Individual spatial consistency and dietary flexibility in the migratory behaviour of northern gannets wintering in the Northeast Atlantic

Grecian, W. J. et al. (2019) Individual spatial consistency and dietary flexibility in the migratory behaviour of northern gannets wintering in the Northeast Atlantic. Frontiers in Ecology and Evolution, 7, 214. (doi: 10.3389/fevo.2019.00214)

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Migration is a fundamental behavioral process prevalent among a wide variety of animal taxa. As individuals are increasingly shown to present consistent responses to environmental cues for breeding or foraging, it may be expected that approaches to migration would present similar among-individual consistencies. Seabirds frequently show consistent individual differences in a range of traits related to foraging and space-use during both the breeding and non-breeding seasons, but the causes and consequences of this consistency are poorly understood. In this study, we combined analysis of geolocation and stable isotope data across multiple years to investigate individual variation in the non-breeding movements and diets of northern gannets Morus bassanus, and the consequences for changes in body condition. We found that individuals were highly repeatable in their non-breeding destination over consecutive years even though the population-level non-breeding distribution spanned >35° of latitude. Isotopic signatures were also strongly repeatable, with individuals assigned to one of two dietary clusters defined by their distinct trophic (δ15N) and spatial (δ13C) position. The only non-breeding destination in which the two dietary clusters co-occurred was off the coast of northwest Africa. The majority of individuals adopted a consistent foraging strategy, as they remained within the same dietary cluster across years, with little variation in body mass corrected for size among these consistent individuals. In contrast, the few individuals that switched clusters between years were in better condition relative to the rest of the population, suggesting there may be benefits to flexibility during the non-breeding period. Our results indicate that a consistent migratory strategy can be effective regardless of wintering region or diet, but that there may be benefits to those individuals able to display flexibility. This appears to be an important behavioral strategy that may enhance individual condition.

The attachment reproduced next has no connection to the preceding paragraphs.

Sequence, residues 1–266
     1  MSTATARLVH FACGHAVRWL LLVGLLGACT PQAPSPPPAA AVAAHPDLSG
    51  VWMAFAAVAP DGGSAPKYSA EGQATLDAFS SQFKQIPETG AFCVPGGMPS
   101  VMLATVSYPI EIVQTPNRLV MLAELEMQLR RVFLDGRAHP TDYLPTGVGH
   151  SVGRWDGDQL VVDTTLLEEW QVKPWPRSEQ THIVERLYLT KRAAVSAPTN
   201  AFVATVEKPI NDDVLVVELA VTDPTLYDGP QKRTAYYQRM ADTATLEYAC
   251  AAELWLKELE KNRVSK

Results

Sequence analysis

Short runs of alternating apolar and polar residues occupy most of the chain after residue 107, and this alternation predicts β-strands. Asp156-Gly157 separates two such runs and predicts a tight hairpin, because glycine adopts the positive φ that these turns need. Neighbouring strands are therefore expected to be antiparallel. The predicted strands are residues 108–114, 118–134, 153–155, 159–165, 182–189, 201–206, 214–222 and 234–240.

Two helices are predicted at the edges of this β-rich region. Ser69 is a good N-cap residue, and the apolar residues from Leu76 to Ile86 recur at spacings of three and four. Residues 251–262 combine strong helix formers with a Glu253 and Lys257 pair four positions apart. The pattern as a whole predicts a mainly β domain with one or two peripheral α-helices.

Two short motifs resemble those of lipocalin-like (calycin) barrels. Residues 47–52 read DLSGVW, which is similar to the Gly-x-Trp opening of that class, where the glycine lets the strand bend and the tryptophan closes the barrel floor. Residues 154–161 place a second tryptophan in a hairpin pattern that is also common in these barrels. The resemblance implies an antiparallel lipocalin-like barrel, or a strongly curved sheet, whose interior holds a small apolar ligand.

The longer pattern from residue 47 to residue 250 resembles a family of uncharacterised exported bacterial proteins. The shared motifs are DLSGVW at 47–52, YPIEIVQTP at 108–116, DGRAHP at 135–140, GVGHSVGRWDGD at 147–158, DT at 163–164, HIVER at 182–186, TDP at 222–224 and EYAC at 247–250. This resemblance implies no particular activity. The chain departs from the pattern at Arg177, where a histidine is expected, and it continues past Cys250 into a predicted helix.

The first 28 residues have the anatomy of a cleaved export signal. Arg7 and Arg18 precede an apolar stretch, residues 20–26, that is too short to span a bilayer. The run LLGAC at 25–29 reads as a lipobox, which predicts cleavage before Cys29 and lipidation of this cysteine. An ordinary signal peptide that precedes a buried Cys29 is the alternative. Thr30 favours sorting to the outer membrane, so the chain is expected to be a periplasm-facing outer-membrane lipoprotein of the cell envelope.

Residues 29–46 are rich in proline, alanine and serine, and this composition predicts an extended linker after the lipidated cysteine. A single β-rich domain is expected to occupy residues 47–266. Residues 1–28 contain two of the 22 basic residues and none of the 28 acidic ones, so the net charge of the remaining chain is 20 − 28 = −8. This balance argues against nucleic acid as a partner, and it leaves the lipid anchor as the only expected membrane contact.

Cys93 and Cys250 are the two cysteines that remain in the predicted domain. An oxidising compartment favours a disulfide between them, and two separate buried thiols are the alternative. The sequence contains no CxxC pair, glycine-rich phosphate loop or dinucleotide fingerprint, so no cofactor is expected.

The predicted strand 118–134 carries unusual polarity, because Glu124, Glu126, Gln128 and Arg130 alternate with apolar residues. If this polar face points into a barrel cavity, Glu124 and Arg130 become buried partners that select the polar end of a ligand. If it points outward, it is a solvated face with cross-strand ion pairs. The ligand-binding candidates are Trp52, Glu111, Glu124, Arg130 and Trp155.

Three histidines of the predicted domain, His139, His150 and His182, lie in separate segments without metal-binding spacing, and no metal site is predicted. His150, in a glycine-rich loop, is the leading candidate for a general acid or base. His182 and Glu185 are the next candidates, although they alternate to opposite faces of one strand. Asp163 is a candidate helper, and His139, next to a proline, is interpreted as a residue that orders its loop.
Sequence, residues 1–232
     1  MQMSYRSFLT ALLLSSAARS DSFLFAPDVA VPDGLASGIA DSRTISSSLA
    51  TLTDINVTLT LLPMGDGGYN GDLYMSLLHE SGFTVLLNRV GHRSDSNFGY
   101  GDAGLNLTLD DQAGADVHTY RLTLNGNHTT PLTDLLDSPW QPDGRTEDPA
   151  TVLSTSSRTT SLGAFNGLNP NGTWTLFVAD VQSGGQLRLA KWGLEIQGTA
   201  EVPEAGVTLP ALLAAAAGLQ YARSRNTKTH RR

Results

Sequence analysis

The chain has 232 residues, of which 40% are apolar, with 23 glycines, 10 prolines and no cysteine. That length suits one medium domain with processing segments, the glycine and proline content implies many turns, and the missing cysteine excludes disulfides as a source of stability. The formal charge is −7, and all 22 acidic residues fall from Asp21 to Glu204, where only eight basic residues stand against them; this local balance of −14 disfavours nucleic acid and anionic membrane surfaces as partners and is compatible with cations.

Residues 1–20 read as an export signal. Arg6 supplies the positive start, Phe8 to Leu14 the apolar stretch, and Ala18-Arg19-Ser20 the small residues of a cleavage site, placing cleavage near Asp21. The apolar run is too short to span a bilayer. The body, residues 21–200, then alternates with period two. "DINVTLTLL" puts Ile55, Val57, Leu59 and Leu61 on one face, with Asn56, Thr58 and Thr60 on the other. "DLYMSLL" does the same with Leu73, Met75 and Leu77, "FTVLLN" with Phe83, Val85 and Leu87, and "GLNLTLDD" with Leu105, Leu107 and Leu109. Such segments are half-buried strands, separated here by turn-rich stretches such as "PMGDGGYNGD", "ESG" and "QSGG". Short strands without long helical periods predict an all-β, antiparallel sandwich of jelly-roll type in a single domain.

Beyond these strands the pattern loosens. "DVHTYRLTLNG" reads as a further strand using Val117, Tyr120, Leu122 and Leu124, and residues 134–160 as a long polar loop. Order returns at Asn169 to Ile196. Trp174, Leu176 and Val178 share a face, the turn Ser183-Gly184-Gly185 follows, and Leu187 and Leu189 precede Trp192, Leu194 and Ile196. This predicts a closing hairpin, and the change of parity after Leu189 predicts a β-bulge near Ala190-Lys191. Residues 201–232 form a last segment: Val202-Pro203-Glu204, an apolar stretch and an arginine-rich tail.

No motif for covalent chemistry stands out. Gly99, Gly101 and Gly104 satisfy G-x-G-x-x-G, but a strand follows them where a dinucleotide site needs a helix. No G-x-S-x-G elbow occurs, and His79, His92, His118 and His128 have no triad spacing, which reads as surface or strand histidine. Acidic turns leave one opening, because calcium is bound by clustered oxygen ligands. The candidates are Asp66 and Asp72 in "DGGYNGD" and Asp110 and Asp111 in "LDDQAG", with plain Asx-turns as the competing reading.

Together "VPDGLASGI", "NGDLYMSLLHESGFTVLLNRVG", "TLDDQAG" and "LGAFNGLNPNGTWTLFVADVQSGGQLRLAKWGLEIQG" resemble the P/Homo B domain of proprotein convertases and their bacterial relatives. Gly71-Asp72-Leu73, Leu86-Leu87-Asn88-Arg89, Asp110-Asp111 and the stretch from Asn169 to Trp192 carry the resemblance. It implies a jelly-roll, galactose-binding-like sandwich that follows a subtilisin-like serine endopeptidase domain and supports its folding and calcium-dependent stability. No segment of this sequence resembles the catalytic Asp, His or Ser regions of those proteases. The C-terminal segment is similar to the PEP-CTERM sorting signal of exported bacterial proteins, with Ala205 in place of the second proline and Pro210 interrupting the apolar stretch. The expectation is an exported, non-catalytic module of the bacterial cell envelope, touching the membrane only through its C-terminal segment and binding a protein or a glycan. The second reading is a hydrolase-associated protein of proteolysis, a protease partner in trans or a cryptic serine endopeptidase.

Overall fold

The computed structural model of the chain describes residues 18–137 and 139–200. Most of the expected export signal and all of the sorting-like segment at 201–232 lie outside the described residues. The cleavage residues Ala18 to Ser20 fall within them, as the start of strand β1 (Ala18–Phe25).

Item Type:Articles
Glasgow Author(s) Enlighten ID:Newton, Dr Jason and Wakefield, Dr Ewan
Authors: Grecian, W. J., Williams, H. J., Votier, S. C., Bearhop, S., Cleasby, I. R., Grémillet, D., Hamer, K. C., Le Nuz, M., Lescroël, A., Newton, J., Patrick, S. C., Phillips, R. A., Wakefield, E. D., and Bodey, T. W.
College/School:College of Medical Veterinary and Life Sciences > Institute of Biodiversity Animal Health and Comparative Medicine
College of Science and Engineering > Scottish Universities Environmental Research Centre
College of Medical Veterinary and Life Sciences > School of Biodiversity, One Health & Veterinary Medicine
Journal Name:Frontiers in Ecology and Evolution
Publisher:Frontiers Research Foundation
ISSN (Online):2296-701X
Published Online:12 June 2019
Copyright Holders:Copyright © 2019 Grecian, Williams, Votier, Bearhop, Cleasby, Grémillet, Hamer, Le Nuz, Lescroël, Newton, Patrick, Phillips, Wakefield and Bodey
First Published:First published in Frontiers in Ecology and Evolution 7:214
Publisher Policy:Reproduced under a Creative Commons License

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Project CodeAward NoProject NamePrincipal InvestigatorFunder's NameFunder RefLead Dept
685021Seabirds and wind - the consequences of extreme prey taxis in a changing climateEwan WakefieldNatural Environment Research Council (NERC)NE/M017990/1RI BIODIVERSITY ANIMAL HEALTH & COMPMED